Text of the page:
Md. convention delegates are ready to be 'a part of history' 100-member contingent is cross-section of state

Democratic Convention

August 25, 1996|By C. Fraser Smith | C. Fraser Smith,SUN NATIONAL STAFF

Maryland Democrats rendezvous in Chicago this weekend to renominate their party's incumbent president and to realize long-standing personal dreams.

Proud of the Clinton administration's record, they are also seeking what Mary Ellen Shine called "a culmination" of her family's reverence for the American political process. She began to understand her parents' commitment to conventions when a strict rule of daily life was suspended.

"It was the only time we were allowed to eat our meals in front of the television set," said the PTA member and alternate delegate from Silver Spring.

The 100-member Maryland contingent also includes a retired Army general, a dog trainer, a nurse, a law school professor, a university professor and an assortment of public officeholders.

Critics may call political conventions unnecessary, but many in Maryland's delegation would agree with Mary H. Tolbert, the mayor of Barnesville, who said this week: "The pinnacle of my political activities over the last 50 years -- an honor any political junkie would die for."

While they have been asked to restrain their rhetoric, delegates will prove they are still Democrats, unrestrained and free to speak.

"We must protect the middle class, the seniors and the less fortunate from the [GOP's] big business, gun-loving, right-leaning politics," said Robert S. McGarry, a retired general who spent 25 years in the Army Corps of Engineers.

The Maryland delegation is drawn from every part of the state. Exactly half are men, and half are women under party rules. Maryland's group includes many minority group members and a strong representation from labor.

"I imagine myself being a part of history," said Bettye Anne Ridgley, one of the state's African-American delegates, one of its union members -- and its only crane operator. Ridgley works for ** Bethlehem Steel Corp. at Sparrows Point.

"We don't shy away from unions," said Rich Parsons, the Maryland party's executive director. "Republicans try to demonize unions while saying they represent working people."

The delegates were to be feted last night at "Taste of Chicago," an extravaganza of fireworks and food followed by a "pyrotechnic air show" at the Navy Pier on Lake Michigan. The convention begins officially tomorrow.

Most of the Marylanders will be lodged at the Ramada Congress Hotel, between a famous blues club and Grant Park, scene of the riots that disrupted the 1968 Democratic convention.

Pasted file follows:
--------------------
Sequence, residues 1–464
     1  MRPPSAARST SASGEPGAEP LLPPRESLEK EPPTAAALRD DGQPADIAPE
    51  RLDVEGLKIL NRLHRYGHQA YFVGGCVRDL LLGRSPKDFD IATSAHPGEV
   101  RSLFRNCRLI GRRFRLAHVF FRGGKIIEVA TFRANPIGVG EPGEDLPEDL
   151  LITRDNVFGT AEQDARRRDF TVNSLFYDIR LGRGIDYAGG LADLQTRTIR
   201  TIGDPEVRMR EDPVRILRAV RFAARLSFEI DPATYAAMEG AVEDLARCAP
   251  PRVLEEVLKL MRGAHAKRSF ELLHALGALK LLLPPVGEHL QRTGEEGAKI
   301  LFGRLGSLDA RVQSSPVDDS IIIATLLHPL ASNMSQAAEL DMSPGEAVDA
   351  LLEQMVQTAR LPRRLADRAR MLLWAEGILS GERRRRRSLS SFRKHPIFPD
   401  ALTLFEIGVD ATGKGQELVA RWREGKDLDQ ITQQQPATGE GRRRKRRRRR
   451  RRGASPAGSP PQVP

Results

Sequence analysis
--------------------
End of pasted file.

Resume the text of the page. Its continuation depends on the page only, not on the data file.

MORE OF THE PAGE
In his official comments on the coming convention, the Maryland Democratic Party's current chairman, Harry Hughes, said in jest: "Not Chicago again!" In truth, he and others suggested, Chicago gives his party an opportunity to show how much it has changed.

Like the Republicans who met three weeks ago in San Diego, the Democrats want to show they are unified behind their national ticket and to sell its accomplishments.

"We want to contrast the moderate mainstream views of our party on bread-and-butter issues to the wild-eyed, right-wing notions of the opposition," Parsons said.

He acknowledged that not every Democrat is happy with the president's decision to sign a welfare reform bill that, critics say, will plunge millions of children into poverty -- to satisfy a political need to look tough on welfare.

While some delegates are disappointed over the welfare bill, Parsons said, the party takes this position: The bill would have been far worse if a Democrat had not been in the White House.

A similar view is expressed by the gay and lesbian community.

Brian J. Scott, a delegate from Rockville, who is director of Whitman-Walker Clinic in Maryland, said the Clinton administration has provided "more dollars overall" for research and service than he would have expected from a Republican Administration.

The Maryland delegation will be chaired officially by Gov. Parris N. Glendening. Mayor Kurt L. Schmoke will be there -- as will all of the state's U.S. representatives and its two U.S. senators.

Maryland State Comptroller Louis L. Goldstein will be attending his 14th convention. He could become media star of the week: At age 83, he's in a position to give eyewitness accounts of the re-election of Franklin D. Roosevelt -- the last time a Democrat has been re-elected.

Mary Jo Neville, vice chair of the party, is eager to participate in a tribute to the late Ronald H. Brown, the secretary of commerce and former chairman of the party, who died this year in a plane crash.

Connie Galiazzo DeJuliis, candidate for Congress in the 2nd District, will hold a fund-raiser.

Glendening will not hold a fund-raiser, though two were offered. In addition to presiding over the delegation's daily caucuses, the governor said he'll get out to a baseball game, his only extracurricular activity for the week.

Pub Date: 8/25/96

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